• Conduct ad hoc research on a range of topics in science and technology innovation to learn while supporting department priorities.
  • Write or edit articles and blog posts on topics of interest or local events.
  • Support meetings, conferences, and other events, gaining valuable event management experience.
  • Provide general logistical support.

This is a paid position available for 15-20 hours a week.  Applicants from all backgrounds will be considered, though experience conducting cross and trans-disciplinary research is an asset.  Ability to work independently is critical.

Interested applicants should submit a resume, cover letter describing their interest in Earth Challenge 2020 and outlining relevant skills, and two writing samples. One writing sample should be formal (e.g., a class paper); the other, informal (e.g., a blog post or similar).

For all internships, non-degree seeking students are ineligible. All internships must be served in Washington, D.C. and cannot be done remotely.

Full application process outlined on our internship website.

I don’t see a specific application deadline for the special project (Earth Challenge 2010) internship. In any event, good luck with all your applications.

The Imagineers of War: The Untold Story of DARPA, the Pentagon Agency That Changed the World on March 21, 2017 at the Woodrow Wilson International Center for Scholars

I received a March 17, 2017 Woodrow Wilson International Center for Scholars notice (via email) about this upcoming event,

The Imagineers of War: The Untold Story of DARPA [Defense Advanced Research Projects Agency], the Pentagon Agency That Changed the World

There will be a webcast of this event

In The Imagineers of War, Weinberger gives us a definitive history of the agency that has quietly shaped war and technology for nearly 60 years. Founded in 1958 in response to the launch of Sputnik, DARPA’s original mission was to create “the unimagined weapons of the future.” Over the decades, DARPA has been responsible for countless inventions and technologies that extend well beyond military technology.

Weinberger has interviewed more than one hundred former Pentagon officials and scientists involved in DARPA’s projects—many of whom have never spoken publicly about their work with the agency—and pored over countless declassified records from archives around the country, documents obtained under the Freedom of Information Act, and exclusive materials provided by sources. The Imagineers of War is a compelling and groundbreaking history in which science, technology, and politics collide.

Speakers


  • Sharon Weinberger

    Global Fellow
    Author, Imagineers of War, National Security Editor at The Intercept and former Wilson Center Fellow

  • Richard Whittle

    Global Fellow
    Author, Predator: The Secret Origins of the Drone Revolution and Wilson Center Global Fellow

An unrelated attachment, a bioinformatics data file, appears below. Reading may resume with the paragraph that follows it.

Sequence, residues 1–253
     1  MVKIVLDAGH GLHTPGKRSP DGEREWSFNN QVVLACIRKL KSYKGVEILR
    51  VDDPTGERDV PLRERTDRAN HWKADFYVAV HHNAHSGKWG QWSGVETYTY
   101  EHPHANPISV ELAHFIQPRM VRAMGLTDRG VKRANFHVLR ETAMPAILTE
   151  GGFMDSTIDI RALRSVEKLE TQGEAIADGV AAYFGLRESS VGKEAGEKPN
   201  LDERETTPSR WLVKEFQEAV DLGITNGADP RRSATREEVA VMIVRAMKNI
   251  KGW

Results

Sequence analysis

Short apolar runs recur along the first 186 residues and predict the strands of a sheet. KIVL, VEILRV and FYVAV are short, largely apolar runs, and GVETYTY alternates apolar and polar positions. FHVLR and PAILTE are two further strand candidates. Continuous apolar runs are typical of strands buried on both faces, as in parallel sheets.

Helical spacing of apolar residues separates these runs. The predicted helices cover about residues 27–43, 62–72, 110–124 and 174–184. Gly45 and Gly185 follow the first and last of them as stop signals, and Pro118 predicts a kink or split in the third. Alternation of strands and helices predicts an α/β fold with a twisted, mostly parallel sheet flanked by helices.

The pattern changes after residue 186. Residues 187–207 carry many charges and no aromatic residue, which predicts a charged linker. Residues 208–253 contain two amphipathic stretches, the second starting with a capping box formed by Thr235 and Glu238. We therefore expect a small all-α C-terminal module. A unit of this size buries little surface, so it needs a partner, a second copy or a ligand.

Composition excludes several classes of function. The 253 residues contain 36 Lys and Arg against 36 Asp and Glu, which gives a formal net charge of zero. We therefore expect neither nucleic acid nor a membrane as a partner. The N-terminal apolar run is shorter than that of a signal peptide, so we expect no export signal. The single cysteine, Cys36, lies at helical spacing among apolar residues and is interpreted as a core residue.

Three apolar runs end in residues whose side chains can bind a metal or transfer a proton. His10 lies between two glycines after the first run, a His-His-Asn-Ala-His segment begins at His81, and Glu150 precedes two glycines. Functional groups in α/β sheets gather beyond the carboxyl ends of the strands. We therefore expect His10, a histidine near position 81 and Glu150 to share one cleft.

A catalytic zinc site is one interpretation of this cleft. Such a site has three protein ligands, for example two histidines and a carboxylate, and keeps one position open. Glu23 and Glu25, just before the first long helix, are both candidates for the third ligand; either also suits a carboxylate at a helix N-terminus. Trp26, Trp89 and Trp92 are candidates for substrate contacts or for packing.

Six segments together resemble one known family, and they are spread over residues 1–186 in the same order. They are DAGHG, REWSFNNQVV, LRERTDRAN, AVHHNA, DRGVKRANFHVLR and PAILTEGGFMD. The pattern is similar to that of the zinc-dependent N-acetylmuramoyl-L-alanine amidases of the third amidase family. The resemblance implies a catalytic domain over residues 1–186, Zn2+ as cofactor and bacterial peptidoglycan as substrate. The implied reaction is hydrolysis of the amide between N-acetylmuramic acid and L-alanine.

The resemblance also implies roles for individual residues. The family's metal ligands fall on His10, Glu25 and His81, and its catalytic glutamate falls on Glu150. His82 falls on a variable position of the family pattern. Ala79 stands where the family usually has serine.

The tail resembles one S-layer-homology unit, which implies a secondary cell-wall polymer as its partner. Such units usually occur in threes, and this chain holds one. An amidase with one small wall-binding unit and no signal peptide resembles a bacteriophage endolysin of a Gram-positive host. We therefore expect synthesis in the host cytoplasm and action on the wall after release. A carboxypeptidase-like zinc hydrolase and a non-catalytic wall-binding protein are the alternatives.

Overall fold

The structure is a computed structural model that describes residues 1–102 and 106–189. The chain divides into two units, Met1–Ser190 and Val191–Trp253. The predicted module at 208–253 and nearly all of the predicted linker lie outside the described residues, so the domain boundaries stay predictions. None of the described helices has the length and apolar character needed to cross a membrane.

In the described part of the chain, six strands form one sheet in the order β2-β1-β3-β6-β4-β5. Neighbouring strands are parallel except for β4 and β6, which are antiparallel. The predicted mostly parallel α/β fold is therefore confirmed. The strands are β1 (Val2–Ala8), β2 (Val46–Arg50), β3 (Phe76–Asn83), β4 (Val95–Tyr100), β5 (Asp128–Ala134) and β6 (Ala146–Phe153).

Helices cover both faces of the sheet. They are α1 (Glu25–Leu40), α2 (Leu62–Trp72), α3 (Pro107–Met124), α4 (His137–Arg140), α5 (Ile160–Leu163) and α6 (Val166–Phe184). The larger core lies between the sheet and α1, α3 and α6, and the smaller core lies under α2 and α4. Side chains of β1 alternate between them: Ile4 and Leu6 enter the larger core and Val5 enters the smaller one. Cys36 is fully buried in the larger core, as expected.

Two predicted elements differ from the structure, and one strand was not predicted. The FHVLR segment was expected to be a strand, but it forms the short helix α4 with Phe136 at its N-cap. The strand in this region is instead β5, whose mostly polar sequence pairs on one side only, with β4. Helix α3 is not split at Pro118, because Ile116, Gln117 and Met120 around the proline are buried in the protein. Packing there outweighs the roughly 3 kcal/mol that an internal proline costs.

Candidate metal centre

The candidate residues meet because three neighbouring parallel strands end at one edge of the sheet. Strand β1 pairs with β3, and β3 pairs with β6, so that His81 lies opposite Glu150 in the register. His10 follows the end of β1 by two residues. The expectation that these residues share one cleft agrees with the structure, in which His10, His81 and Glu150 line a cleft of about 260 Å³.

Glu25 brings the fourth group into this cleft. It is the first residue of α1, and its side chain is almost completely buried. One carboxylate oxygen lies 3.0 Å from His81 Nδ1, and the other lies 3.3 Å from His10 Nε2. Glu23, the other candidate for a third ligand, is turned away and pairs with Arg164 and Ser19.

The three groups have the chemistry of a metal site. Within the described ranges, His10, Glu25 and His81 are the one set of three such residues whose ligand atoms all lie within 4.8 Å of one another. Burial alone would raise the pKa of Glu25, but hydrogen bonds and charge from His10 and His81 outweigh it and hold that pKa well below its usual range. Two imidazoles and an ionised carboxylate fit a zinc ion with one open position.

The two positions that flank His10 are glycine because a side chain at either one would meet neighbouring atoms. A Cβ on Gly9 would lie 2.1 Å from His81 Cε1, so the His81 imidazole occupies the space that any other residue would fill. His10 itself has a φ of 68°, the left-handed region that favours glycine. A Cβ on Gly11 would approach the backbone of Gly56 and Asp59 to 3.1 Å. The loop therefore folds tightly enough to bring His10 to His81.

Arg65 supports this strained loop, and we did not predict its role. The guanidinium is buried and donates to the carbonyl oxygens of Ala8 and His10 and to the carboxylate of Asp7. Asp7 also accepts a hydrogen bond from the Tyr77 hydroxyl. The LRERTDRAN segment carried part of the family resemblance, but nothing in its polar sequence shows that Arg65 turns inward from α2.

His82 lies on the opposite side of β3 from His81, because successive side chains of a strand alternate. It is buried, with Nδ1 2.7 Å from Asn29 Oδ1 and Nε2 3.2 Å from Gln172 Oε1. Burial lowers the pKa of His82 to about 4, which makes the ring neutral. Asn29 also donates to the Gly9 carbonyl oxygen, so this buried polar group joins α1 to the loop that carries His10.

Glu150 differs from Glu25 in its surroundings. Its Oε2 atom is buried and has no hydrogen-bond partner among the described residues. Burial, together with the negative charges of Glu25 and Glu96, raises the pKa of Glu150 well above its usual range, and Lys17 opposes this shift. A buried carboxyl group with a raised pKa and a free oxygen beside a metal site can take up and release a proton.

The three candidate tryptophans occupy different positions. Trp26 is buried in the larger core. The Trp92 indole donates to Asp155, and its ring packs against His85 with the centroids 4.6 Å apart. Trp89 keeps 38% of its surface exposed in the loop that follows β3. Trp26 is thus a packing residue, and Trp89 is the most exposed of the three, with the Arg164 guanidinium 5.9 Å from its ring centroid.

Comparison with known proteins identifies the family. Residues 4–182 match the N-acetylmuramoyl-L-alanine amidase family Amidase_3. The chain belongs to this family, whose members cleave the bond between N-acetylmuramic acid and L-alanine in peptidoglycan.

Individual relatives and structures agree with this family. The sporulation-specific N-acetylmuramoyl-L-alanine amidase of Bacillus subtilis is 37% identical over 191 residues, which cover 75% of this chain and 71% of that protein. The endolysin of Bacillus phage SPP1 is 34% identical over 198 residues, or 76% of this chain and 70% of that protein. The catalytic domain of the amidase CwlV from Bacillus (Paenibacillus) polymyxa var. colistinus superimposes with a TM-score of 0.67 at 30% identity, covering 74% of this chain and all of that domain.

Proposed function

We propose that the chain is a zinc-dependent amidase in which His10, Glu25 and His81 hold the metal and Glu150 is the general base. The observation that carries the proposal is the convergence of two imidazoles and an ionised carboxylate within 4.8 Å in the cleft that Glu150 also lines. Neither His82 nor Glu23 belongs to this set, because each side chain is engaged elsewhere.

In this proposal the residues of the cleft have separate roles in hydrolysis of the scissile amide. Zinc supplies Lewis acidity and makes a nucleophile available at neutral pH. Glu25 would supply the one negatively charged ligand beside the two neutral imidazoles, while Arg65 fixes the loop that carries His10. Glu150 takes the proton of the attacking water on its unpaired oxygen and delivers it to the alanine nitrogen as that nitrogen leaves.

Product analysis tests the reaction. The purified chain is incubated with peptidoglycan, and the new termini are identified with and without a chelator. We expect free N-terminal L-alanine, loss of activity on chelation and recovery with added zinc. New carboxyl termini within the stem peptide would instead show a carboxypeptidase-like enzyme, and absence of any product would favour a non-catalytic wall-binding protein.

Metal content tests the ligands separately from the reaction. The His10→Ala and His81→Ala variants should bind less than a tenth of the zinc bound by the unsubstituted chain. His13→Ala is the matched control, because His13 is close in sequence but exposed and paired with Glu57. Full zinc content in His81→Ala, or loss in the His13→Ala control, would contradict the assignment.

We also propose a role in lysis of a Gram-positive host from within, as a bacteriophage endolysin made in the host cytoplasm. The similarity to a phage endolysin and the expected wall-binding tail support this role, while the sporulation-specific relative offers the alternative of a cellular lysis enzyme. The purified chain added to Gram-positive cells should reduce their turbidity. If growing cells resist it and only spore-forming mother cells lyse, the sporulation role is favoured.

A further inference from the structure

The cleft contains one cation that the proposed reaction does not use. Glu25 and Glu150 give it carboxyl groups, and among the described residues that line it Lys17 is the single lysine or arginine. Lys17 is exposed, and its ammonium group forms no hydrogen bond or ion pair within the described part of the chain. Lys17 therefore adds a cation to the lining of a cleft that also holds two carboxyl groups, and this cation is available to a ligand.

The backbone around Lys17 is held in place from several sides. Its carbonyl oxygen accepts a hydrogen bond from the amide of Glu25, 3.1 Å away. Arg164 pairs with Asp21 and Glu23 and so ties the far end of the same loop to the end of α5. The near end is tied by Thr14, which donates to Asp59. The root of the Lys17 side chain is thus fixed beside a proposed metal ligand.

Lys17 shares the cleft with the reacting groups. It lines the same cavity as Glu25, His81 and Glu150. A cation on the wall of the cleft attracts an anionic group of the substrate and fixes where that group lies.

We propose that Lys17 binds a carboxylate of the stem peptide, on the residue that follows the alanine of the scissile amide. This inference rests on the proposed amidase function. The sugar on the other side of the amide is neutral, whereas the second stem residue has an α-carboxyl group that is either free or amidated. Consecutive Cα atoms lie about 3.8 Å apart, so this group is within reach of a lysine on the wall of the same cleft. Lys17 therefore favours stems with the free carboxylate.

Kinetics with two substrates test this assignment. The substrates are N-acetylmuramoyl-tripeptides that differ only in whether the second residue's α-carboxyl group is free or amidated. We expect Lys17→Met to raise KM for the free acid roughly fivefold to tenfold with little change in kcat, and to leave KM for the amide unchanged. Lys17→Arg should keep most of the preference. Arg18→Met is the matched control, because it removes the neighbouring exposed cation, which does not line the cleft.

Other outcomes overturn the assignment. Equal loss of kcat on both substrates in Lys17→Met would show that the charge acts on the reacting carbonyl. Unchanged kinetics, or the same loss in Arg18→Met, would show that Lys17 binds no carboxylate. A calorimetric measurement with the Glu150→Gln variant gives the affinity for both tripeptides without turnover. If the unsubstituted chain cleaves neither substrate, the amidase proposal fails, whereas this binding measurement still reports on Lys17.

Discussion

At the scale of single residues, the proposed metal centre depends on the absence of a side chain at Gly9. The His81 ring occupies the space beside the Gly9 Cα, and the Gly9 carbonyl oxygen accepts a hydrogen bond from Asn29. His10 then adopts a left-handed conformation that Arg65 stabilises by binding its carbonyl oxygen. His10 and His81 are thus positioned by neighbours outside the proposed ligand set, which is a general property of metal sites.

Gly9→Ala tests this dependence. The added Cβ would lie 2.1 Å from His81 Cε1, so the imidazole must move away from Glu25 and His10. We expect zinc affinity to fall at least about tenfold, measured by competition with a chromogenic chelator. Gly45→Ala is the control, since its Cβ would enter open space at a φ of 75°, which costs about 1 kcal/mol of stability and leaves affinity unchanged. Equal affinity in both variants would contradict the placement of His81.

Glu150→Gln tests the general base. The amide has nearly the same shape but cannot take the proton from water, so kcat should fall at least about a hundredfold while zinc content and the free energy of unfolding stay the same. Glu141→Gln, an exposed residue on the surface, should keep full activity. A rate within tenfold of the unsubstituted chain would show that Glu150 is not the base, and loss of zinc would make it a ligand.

The logistics:

6th Floor, Woodrow Wilson Center

I first heard about DARPA in reference to the internet. A developer I was working with noted that ARPA (DARPA’s predecessor agency) was instrumental in the development of the internet.

You can register for the event here. Should you be interested in the webcast, you can check this page.

As a point of interest, the Wilson Center (also known as the Woodrow Wilson International Center for Scholars) is one of the independent agencies slated to be defunded in the 2017 US budget as proposed by President Donald Trump according to a March 16, 2017 article by Elaine Godfrey for The Atlantic.

Societal implications of emerging technologies (a Washington, D.C. event)

Here are the details about this book launch event,

Assessing the Societal Implications of Emerging Technologies: Book Launch

Please join us for the launch of Evan Michelson’s new book, Assessing the Societal Implications of Emerging Technologies: Anticipatory Governance in Action, which offers tangible insights into strategies deployed by well-known, high-profile organizations involved in anticipating the societal and policy implications of nanotechnology and synthetic biology.

The book lays out one of the first actionable roadmaps that interested stakeholders can follow when working toward institutionalizing anticipatory governance practices throughout the policymaking process.

David Rejeski, director of the Science & Technology Innovation Program at the Wilson Center, will lead the discussion. A light lunch will be served at noon.

For more information, please visit:
https://www.routledge.com/products/9781138123434

Speakers:

Evan Michelson, author, Assessing the Societal Implications of Emerging Technologies

David Rejeski, Director, Science and Technology Innovation Program

Thursday, June 9th, 2016
12:00pm – 1:30pm

5th Floor Conference Room

Wilson Center
Ronald Reagan Building and
International Trade Center
One Woodrow Wilson Plaza
1300 Pennsylvania, Ave., NW
Washington, D.C. 20004

If planning to attend in person, you can RSVP here.

Unfortunately, there is no indication as to whether or not the event will be livestreamed or webcast at a later date.

I have found a little more information about the author, Evan Michelson on the Alfred P. Sloan Foundation website,

Evan S. Michelson, Ph.D. is a Program Director at the Alfred P. Sloan Foundation. Dr. Michelson is responsible for overseeing the Foundation’s Energy and Environment Program, which seeks to advance understanding about the economic, environmental, security, and policy tradeoffs associated with the increased deployment of low- and no-carbon resources and technologies across the energy system. He also manages the Foundation’s grantmaking to the Sloan Digital Sky Survey (IV), an international astrophysics research collaboration focused on exploring the evolution and structure of the universe, the formation of stars and galaxies, the history of the Milky Way, and the science behind dark matter.